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Roll up your sleeve – CJEU injects some influence in to vaccination case

19 December 2017. Published by Florence Page, Associate

The Court of Justice of the European Union (CJEU) has made a preliminary ruling on questions related to the admissibility of certain factual evidence in a product liability case.

In June 2017, the Court of Justice of the European Union (CJEU) made a preliminary ruling on questions related to the admissibility of certain factual evidence in a product liability case. The case was brought in the French courts against Sanofi Pasteur, the producer of a hepatitis B vaccine.  A link to the decision can be found here.

The claimant (Mr W) received the hepatitis B vaccine in December 1998, January 1999, and July 1999. In November 2000, Mr W was diagnosed with multiple sclerosis ("MS"). Mr W died in 2011.

In 2006, Mr W (and members of his family) brought proceedings against Sanofi Pasteur alleging that its hepatitis B vaccine was defective. The claimants referred to the lack of any family history of MS, and the short period of time between the vaccination and the diagnosis of MS. They argued that this factual evidence gave rise to a presumption of defect and a causal link between the injection and Mr W's MS.

The claimants won but the decision was subsequently appealed and overturned. The case was subject to further appeals, including to the Court of Appeal in Paris where it was noted that there was no scientific consensus as to a causal relationship between the vaccine and MS. 

A fresh appeal was brought before the Court of Cassation who referred three questions to the CJEU. The questions focussed on whether proof of defect and of the causal link between defect and damage can be established by factual evidence where there is no scientific consensus as to a causal link between a vaccine and a disease.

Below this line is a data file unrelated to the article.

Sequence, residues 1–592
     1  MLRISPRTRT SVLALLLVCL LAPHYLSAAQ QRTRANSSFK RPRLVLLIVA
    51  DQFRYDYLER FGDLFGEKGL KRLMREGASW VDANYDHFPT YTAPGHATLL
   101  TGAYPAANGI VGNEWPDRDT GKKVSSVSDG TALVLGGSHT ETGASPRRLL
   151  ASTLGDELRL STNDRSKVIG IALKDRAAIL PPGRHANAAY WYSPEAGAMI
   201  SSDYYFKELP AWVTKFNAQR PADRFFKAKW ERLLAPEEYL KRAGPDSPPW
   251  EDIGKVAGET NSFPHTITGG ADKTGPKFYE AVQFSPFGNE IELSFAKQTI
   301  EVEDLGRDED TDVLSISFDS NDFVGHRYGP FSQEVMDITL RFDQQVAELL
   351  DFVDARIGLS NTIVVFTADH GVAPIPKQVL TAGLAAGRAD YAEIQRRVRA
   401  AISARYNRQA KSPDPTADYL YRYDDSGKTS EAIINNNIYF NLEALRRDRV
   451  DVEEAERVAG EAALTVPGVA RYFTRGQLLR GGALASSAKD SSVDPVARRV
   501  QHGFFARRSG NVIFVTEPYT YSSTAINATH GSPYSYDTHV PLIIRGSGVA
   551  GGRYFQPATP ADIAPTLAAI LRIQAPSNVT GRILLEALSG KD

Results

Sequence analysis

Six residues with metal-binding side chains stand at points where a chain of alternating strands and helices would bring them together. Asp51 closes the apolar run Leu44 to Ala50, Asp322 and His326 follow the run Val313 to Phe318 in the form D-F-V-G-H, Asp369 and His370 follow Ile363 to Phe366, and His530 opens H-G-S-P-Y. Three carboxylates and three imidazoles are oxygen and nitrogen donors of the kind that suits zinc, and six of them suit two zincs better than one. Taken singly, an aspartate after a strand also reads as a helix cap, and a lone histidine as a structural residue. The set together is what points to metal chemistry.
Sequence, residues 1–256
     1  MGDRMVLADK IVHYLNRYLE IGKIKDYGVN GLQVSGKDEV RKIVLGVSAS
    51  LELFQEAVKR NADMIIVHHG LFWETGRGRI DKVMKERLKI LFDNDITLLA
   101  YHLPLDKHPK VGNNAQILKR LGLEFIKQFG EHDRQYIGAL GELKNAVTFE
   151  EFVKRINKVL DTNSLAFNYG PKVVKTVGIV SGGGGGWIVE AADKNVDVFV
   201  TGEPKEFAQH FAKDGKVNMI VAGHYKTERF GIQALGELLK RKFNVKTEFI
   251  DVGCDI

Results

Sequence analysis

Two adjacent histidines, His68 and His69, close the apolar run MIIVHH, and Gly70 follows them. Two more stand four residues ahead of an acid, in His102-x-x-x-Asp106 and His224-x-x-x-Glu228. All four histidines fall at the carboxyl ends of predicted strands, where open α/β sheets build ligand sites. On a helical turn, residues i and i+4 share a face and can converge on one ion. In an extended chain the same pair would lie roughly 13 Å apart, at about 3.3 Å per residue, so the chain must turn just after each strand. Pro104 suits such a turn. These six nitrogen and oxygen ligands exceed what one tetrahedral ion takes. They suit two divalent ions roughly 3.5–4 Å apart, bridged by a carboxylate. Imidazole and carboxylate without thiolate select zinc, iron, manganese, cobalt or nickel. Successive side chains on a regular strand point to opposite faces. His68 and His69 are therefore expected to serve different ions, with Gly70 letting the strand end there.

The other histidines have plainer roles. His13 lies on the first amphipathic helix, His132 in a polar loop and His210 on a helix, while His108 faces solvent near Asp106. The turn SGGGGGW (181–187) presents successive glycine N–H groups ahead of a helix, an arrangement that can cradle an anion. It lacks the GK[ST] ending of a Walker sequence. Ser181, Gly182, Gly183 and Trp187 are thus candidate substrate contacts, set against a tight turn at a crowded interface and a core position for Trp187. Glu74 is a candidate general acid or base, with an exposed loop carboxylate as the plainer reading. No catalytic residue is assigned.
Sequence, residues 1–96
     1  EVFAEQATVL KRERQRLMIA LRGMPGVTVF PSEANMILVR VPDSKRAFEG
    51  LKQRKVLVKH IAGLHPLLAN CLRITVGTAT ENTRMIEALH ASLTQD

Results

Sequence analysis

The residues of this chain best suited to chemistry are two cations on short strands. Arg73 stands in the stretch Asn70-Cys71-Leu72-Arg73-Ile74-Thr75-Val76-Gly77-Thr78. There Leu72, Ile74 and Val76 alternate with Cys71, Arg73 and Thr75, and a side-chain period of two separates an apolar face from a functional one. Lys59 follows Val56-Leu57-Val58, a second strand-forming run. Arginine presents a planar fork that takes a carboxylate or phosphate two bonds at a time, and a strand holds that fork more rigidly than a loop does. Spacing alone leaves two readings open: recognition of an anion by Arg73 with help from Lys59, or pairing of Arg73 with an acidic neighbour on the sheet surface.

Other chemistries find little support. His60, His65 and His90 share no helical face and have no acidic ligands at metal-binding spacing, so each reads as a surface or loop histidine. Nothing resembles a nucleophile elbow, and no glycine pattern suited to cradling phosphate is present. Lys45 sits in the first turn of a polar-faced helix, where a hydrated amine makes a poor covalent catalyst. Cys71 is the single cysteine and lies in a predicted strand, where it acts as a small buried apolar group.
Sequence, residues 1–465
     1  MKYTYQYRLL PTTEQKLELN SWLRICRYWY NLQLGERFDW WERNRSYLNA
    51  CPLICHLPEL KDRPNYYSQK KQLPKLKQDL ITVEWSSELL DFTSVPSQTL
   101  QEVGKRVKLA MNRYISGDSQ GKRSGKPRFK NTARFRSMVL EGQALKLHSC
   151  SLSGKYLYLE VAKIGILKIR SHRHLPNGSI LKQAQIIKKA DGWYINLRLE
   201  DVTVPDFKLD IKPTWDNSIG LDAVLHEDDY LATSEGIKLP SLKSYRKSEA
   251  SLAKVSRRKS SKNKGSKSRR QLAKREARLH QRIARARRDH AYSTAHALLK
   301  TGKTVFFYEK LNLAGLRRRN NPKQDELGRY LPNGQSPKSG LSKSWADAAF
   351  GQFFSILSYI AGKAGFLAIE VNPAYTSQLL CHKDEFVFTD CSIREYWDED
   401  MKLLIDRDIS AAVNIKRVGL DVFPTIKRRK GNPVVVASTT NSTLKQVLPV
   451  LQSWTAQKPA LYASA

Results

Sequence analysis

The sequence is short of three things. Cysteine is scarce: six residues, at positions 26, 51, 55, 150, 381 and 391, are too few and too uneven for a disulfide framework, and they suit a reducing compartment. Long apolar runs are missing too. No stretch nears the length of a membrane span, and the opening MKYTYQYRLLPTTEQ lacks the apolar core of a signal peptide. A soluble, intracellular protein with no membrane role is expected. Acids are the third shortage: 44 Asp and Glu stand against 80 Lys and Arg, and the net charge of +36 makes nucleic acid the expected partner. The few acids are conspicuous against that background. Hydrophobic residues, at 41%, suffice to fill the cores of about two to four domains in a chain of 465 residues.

Key points from the CJEU ruling include:

  • The Product Liability Directive does not address how proof of defect is to be established by any given claimant. It is the responsibility of member states to determine, what evidence is admissible, methods by which such evidence can be obtained, and the level of proof required in line with the framework set out by the Product Liability Directive;
  • Methods of proof other than those based on medical research should not be excluded by national courts. To do so could place excessive burden on claimants in cases where there is said to be no medical consensus as to whether there is a causal link between the vaccine and the damage;
  • National legislature/national courts cannot introduce a method of proof which means that certain pre-determined factual evidence related to causation triggers an automatic presumption of a causal link between the vaccine and the damage; and
  • Factual evidence (such as that relied upon in the main proceedings of this case) can lead a national court to conclude that a claimant has discharged his/her burden of proof. However, the evidence must be sufficiently serious, specific, and consistent for such a conclusion to be drawn. Importantly, the courts must have regard to arguments and evidence presented by a producer in challenging the explanation put forward by the claimant. 

This preliminary ruling is not binding on courts in the UK, and does not reverse or change the burden of proof on claimants to establish defect, damage, and the causal relationship between the two, as set out in the Product Liability Directive. However, it does provide a useful insight into the kinds of factual evidence that the courts may be prepared to hear in product liability cases involving a vaccination, and the conclusions that may be drawn in the absence of solid scientific evidence from either side.